[00:40:47] So I just, like, made it work. I used credit cards. I was like. Whatever I have to do, I’m going to do it. And I picked up jobs. Just work three odd jobs just to pay my rent or like pay friends to sublet off of their places. Like it was just like everything I had was going towards this goal. And that that kind of just like is how it unfolded for those first four. And I’m doing a lot of talking by chanting.

Jesse: [00:41:17] No, no, you’re fine. Keep going.

Connor: [00:41:19] Okay. 

Jesse: [00:41:20] You’re good. 

Connor: [00:41:20] If there’s anything. You want to be to lean in on or —

Jesse: [00:41:23] Yeah, I’ll interject if I — if there’s a particular question. But yeah, I just I guess with the — so I mean, we had different goals, but just like you hear this and again. Maybe it’s just that this is the path I chose so that I have the bias. But like young people should be pursuing their dreams. It can change the path of your life. I think for the better. I mean, I started this company because I was doing triathlon.

[00:42:07] And through all that swimming, I got a rash on my face because all the chlorine and started the swim line. And that led to more just like I wouldn’t have started this company had I not decided to do this stupid thing and try to get my pro card. Like know I wouldn’t have been spending hours upon hours in the pool. And, you know, I probably still have a good life, but it would be different. And so, like. It’s always nice to meet other people that have that realization. As a young person, I’m still relatively young. I’m only 33, but have that realization as a young person. Like we talked about, I don’t remember whether this is part of the recorded conversation or before we were recording, but just like I said, you got one shot through.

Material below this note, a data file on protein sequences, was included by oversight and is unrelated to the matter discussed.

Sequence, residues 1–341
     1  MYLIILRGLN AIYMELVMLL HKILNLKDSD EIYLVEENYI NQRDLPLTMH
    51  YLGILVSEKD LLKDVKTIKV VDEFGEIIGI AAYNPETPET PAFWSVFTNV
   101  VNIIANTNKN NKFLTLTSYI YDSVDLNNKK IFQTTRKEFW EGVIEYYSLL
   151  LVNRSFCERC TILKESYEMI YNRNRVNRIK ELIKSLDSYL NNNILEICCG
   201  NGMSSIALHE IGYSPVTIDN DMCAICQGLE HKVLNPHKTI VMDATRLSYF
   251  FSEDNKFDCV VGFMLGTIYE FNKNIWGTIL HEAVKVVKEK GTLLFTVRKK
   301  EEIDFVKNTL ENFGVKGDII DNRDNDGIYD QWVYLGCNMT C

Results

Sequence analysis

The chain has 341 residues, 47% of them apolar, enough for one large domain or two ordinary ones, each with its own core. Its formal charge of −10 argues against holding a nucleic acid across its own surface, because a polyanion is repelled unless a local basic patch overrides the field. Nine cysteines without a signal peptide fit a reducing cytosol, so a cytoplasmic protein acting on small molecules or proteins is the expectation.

Connor: [00:42:54] Yeah.

Jesse: [00:42:55] You know, and things. This is my business mentor said this to me the other day when he was here helping me with some stuff because of our new baby. He’s like, things only get busier and more complicated as time goes on. So like, when you’re trying to take on a big goal, especially like this one. Do it when you’re young, like you’ve got more time to screw up. But it’s which isn’t to be admonishing to older people. Because if you want to do something, you should still do it. Maybe now you’ve got the resources to do it. You don’t have to put things on credit cards like Connor did.

[00:43:33] But just like. I don’t know. I feel like life is here to be lived. And sometimes we play it a little safe. Like, I don’t know, for fear of consequences that are not as big as they seem in our minds.